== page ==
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Splitting Serbia

UPDATE: The anti-Gazprom Serbian politician, Mladjan Dinkic, has apparently been forced to resign today.

tadicmiller121108.jpgWe’ve seen Moscow apply the Rumsfeldian divide-and-conquer disaggregation technique to split Europe from the United States on NATO and missiles, split East and West Europe on energy, and now, split the individual polity of Serbia over the Gazprom takeover of the state energy monopoly NIS. 

Today the Associated Press is running a report on a split that has opened in the Serbian government over the energy deal, with Deputy Prime Minister Ivica Dacic pushing the Kremlin line to sell NIS without any guarantees on what they would get in return – the main argument being that they can ill-afford to risk angering their most important “strategic ally.”  Dacic is opposed by the Minister of Economy Mladjan Dinkic, who represents the pro-Western party, arguing that it would be extremely unwise for Serbia to hand over control of its energy sector (and the accompanying political influence which would come with it), if Gazprom is unable to guarantee that South Stream will indeed be build, and that Serbia would be given a role as a regional distribution hub.


We’ve been following Russia’s strategy in the Balkans for quite some time now, and if we recall the recent (and disproportionate) ruckus raised in Spain over Lukoil and Repsol,the debate over the Russian takeoever is likely to heat up.  There area number of extenuating factors which are being projected onto the NIStransaction, not least the YugoRosGas scandal (similar in some ways to the Ukraine scandal over RosUkrEnergo), anger over the recognitionof Georgia’s breakaway territories, and the increasingly publicpolitical disagreements over whether Serbia’s future lies in closerrelations with the EU or with Russia.  There have even been some whospeculated that Russia was angling to benefitfrom the Kosovar independence and instability in the region, and manySerbian politicians are aware that Gazprom has extended a number of impossible promises with regard to the South Stream pipeline – offering various governmentsin South Eastern Europe the opportunity to be the gas supply hub inexchange for concessions and blockages of alternative projects.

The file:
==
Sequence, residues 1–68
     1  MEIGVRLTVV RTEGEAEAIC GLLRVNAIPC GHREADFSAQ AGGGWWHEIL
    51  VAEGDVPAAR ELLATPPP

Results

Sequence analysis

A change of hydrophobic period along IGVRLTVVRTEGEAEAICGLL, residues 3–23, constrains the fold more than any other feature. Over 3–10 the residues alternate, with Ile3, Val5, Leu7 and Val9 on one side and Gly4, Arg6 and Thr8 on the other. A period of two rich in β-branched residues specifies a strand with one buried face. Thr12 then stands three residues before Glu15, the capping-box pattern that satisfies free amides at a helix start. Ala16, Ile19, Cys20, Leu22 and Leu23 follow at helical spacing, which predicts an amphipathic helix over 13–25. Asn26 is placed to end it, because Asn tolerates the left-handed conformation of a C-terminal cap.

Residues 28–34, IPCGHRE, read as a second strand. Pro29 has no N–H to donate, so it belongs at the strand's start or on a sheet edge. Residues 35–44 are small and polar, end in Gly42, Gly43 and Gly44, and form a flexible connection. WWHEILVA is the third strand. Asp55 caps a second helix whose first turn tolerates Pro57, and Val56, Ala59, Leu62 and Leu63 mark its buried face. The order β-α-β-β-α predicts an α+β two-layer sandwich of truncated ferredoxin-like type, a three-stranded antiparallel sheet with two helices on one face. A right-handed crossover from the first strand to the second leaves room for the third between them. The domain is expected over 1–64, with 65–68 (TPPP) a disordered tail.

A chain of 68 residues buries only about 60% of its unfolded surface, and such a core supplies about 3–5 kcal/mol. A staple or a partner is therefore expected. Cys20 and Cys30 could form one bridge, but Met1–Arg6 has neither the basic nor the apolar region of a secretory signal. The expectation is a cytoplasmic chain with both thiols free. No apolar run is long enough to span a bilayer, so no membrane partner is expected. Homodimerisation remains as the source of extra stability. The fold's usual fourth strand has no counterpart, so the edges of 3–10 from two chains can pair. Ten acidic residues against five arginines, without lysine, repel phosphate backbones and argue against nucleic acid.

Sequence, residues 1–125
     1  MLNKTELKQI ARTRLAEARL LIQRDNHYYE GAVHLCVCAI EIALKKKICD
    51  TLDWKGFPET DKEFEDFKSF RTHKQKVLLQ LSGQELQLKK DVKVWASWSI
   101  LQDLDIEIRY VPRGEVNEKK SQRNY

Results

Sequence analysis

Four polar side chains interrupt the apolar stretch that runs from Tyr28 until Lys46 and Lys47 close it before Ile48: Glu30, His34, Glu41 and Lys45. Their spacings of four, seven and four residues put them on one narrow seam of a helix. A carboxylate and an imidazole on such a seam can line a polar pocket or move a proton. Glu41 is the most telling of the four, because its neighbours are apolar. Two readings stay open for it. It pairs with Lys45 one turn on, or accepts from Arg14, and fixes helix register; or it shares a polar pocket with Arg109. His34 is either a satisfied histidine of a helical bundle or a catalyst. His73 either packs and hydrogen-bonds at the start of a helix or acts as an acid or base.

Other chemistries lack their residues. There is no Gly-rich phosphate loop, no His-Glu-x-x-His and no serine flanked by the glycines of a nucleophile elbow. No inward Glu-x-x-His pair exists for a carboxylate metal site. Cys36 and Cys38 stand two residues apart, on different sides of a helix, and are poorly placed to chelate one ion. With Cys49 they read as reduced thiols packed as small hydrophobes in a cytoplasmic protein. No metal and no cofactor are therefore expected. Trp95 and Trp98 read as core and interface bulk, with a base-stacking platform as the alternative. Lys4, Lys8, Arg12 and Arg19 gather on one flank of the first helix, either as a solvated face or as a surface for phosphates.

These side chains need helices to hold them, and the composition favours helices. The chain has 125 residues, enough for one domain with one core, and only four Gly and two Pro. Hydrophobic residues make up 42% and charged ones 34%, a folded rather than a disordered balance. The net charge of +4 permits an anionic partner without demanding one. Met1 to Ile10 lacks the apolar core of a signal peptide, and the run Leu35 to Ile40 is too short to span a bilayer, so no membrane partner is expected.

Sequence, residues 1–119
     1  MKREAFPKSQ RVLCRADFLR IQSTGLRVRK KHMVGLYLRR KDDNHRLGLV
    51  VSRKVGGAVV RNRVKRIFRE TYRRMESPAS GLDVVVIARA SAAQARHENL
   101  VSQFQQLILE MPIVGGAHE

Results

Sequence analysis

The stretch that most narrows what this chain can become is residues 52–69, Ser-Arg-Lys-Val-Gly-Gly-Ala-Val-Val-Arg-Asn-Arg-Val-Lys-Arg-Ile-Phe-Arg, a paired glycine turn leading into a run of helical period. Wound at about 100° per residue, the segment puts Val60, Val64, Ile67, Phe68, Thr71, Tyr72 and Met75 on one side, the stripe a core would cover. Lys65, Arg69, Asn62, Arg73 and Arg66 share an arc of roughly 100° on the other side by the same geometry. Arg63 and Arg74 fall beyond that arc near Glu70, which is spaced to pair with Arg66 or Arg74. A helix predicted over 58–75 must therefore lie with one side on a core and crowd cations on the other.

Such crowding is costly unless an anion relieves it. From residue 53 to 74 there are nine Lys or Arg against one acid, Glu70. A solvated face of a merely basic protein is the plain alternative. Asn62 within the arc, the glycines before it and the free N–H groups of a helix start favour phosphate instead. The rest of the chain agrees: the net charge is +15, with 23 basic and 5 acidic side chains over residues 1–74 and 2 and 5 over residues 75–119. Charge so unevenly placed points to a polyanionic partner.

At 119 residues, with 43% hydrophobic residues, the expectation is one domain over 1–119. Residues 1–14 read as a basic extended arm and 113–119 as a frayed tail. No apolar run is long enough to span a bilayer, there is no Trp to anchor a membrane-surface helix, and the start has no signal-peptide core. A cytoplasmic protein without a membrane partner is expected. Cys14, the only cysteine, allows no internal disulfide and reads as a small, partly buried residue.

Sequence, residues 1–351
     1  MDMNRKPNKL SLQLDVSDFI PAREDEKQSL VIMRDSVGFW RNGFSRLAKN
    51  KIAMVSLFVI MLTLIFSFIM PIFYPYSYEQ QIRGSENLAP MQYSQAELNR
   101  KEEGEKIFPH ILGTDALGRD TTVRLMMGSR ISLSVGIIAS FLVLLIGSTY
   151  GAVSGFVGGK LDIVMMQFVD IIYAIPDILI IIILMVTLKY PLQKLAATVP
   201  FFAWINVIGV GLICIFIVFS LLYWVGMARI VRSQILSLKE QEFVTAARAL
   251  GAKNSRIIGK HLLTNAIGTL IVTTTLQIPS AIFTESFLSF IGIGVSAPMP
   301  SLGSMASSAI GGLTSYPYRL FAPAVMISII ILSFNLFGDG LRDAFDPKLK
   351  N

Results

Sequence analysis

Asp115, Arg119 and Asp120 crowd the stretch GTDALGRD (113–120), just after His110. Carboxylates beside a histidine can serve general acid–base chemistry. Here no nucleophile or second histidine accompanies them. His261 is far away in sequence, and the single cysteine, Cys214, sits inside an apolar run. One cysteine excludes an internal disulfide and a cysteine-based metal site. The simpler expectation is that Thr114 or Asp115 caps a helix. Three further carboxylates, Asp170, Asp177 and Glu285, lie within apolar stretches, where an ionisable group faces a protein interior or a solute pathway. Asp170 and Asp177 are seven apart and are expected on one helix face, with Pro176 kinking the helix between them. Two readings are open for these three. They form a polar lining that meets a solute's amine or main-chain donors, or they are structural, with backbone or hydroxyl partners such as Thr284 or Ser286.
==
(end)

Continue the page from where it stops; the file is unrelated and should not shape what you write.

The debate over Serbia’s future couldn’t come at a more difficult time, as the government pushes to solve an crippling exchange rate problem, which at once could be solved quickly by adopting the euro, but few believe the country is sufficiently integrated with Europe to accomplish this – which in our opinion plays very well to Gazprom.

Photo:  Serbia‘s President Boris Tadic (L)shakes hands with Russian gas giant Gazprom’s Chief Executive AlekseiMiller during their meeting in Belgrade December 5, 2008. Serbia and Russian gas giant Gazprom will finalise details for the long-planned sale of Serbia‘s oil monopoly NIS by the end of the year, Miller said on Friday. (Reuters Pictures)